X Games 16: Exit strategy
X16 was about repeating champions and acolytes of the one-and-only Travis Pastrana
This one's a wrap, folks. And this year, the biggest storylines of the X Games began before the event ever started.
Summer Camp Champs
The biggest training ground for X Games 16 wasn't Camp Woodward. Or Woodward West. It was this summer's Nitro Circus Live tour. "The Nitro Circus is a mentality," says ringleader Travis Pastrana. "Everyone motivated everyone."
X16 Sunday ZOOM gallery
For a more visual recap, check out the X16 Sunday ZOOM. Gallery
Although a broken collarbone, suffered while performing in a two-month Australian tour, kept 2009 Moto X Freestyle champ Blake "Bilko" Williams out of the event, it gave many riders the opportunity to test out their most progressive tricks in front of a crowd and on a mega-ramp-like setup. "A lot of the young BMX guys are calling asking if they can be a part of next year's tour," says Nitro Circus staple Jolene Van Vugt, who took seventh in her first X Games Super X race. "It was such an amazing training ground for all of us who were on tour."
The NC medal count speaks for itself. Chad Kagy won his second BMX Big Air contest with a backflip tailwhip over the gap to a flair whip on the quarterpipe. And he won in a contest that featured three double front flips -- by trick inventor Anthony Napolitan, 20-year-old X rookie Andy Buckworth and Steve McCann -- and the debut of the Superman front flip by Nitro Circus rider Buckworth. All three medalists -- Kagy, McCann and Buckworth -- performed on the Nitro Circus Live tour.
Australian skateboarder Jake Brown, who was the marquee skater and DJ on the summer tour, won his second straight Skateboard Big Air event with a backflip over the 70-foot gap -- a trick he tried for the first time on tour this summer -- and a gigantic backside mute-grab 540 on the quarterpipe. Pastrana, despite also breaking his collarbone attempting a BMX 720 on the giant Nitro Circus ramp, won his first Moto X Freestyle gold since 2006. Then, to celebrate his win, he launched -- and landed -- a double backflip during his victory lap. "That was for the fans," Pastrana said after the contest. Although he wrecked his ride and was unable to finish either rally event, Pastrana returned for Speed and Style, the final event of X Games 16 -- and arguably the most exciting -- and took his second gold medal of these Games. "This was the event I came here to win," Pastrana says.
Rookie freestyler Cam Sinclair, who nearly died from injuries suffered in a crash while attempting a double backflip at X Fighters Madrid in July 2009 (lacerated liver, brain bleeding and bruising, a broken right shoulder and cheekbone and a damaged windpipe), landed the second double backflip of this year's X Games to win Moto X Best Trick. "I have to thank the Nitro Circus," Sinclair says. "I was able to perform the double 11 times, so I got a lot of practice and preparation for X. I still had a trick in my back pocket, but fortunately I didn't have to pull it out." That, he's saving for next summer's tour.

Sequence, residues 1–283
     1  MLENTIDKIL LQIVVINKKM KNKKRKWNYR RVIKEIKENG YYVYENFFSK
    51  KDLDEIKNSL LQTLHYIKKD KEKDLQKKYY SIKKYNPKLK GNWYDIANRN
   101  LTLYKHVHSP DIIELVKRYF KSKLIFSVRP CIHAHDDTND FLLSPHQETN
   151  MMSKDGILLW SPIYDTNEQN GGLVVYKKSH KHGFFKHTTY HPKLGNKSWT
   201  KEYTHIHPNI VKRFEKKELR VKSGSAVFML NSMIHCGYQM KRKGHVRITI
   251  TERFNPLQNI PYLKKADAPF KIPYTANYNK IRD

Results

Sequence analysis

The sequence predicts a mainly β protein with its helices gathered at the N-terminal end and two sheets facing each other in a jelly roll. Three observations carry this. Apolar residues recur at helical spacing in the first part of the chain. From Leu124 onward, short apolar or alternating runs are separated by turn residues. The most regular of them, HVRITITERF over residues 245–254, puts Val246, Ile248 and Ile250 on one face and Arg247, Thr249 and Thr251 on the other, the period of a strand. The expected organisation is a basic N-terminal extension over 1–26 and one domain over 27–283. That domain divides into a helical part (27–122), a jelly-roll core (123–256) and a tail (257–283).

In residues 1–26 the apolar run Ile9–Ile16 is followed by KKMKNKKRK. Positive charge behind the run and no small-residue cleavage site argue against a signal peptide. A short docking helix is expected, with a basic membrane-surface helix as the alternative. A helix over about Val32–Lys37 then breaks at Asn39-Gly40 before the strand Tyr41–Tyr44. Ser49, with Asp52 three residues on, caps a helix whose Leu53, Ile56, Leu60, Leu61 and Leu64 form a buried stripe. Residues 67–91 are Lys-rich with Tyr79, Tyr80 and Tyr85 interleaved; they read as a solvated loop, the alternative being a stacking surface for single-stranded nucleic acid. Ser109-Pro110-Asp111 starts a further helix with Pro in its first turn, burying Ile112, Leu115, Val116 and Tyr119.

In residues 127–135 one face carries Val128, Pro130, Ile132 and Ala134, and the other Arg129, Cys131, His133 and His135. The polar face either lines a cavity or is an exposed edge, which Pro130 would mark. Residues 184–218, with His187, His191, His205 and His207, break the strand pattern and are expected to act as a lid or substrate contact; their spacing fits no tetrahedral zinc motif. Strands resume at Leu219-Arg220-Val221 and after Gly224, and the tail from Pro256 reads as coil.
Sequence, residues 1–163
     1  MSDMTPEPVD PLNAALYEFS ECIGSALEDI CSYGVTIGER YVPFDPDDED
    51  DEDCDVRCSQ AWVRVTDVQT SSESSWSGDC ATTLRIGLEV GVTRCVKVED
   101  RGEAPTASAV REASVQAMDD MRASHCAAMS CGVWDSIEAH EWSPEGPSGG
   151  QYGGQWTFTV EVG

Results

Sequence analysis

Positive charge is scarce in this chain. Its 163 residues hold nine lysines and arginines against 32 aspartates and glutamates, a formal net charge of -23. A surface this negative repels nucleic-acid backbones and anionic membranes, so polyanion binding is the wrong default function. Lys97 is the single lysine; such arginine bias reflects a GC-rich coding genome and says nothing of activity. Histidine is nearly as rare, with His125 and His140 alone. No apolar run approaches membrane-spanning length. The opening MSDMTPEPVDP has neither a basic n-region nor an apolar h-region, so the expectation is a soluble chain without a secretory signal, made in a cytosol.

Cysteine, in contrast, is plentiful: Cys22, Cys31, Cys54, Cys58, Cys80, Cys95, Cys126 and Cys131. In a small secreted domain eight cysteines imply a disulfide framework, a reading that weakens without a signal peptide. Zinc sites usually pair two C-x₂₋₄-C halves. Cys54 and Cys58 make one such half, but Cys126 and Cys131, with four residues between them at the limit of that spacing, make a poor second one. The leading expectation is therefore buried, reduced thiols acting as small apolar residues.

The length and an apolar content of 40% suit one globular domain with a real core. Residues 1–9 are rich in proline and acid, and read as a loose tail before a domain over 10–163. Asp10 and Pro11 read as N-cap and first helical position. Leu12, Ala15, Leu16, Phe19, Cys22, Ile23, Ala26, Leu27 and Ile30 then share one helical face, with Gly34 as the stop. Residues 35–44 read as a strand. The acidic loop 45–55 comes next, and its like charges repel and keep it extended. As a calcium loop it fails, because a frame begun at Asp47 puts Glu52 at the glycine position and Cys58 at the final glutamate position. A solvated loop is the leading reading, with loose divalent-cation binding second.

Win, Rinse, Repeat
This year was also all about the repeat.
Ashley Fiolek, the two-time defending AMA Motocross champion, took her second straight Super X gold in a tight, exciting race. Tanner Foust hadn't won Rally Car since 2007, but he won again Saturday and followed it just hours later with a win in the newest X event, SuperRally, which, judging by crowd response, is here to stay.
Meanwhile, although the pre-contest hype machine was geared for Shaun White, Pierre-Luc Gagnon became the first Vert skater to three-peat at the X Games. White landed a frontside heelflip 540 body varial for the first time in competition history, but it wasn't enough to top Gagnon's fifth and final run, which included a variety of 540s and a 720 kickflip body varial. Garrett Reynolds, who has dominated BMX street contests for the past few years, did exactly that on Sunday, winning his third-straight BMX Street title. Ryan Sheckler, who won Skateboard Street in 2008 but had to withdraw from the 2009 contest after injuring his ankle and back, won his third X Games gold. Venezuelan rider Daniel Dhers, who didn't even make it into the finals last year, won BMX Park for the third time in four years.
And then there were four -- back-to-back-to-back-to-back wins for BMX legend Jamie Bestwick, that is. Bestwick became the first BMXer to four-peat, taking BMX Vert with an untouchable run that included several 540s and huge downside tailwhips and tailwhip flairs.
Still, there was enough new blood spilled on the X Games courses to keep the entire show from feeling like a repeat. Josh Hansen's attempt at a Super X three-peat was thwarted by some sharp riding by Josh Grant, who passed Hansen in the whoops on Lap 11. Brazilian rookie Pedro Barros, 15, took out a strong field in Skateboard Park, including two-time defending champ Rune Glifberg. Gaby Ponce, 18, won women's skate vert, beating defending champ and Nitro Circus member Lyn-Z Adams Hawkins, who took silver. "The guys on our tour were the toughest, most resilient riders I've met," Pastrana says. "Lyn-Z knocked herself out, dislocated her jaw and was back on the ramp that day. I'm so proud of our family."
And, with that, we've come full circus.
Follow Alyssa Roenigk on Twitter: @ESPN_Alyssa
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A new medal event for X Games 16, Real Street is the first contest of its kind. Twelve of the top individual pros in street skating each filmed 60-second video parts on street terrain for X, and all 12 video parts aired on the final day of the X16 telecast. A panel of pros -- Pat Duffy, Ed Templeton, Jamie Thomas and Geoff Rowley -- chose the winning part and awarded $50,000 and an X Games gold medal to Nick Trapasso. You, the fans, picked Zered Bassett as the fan favorite.
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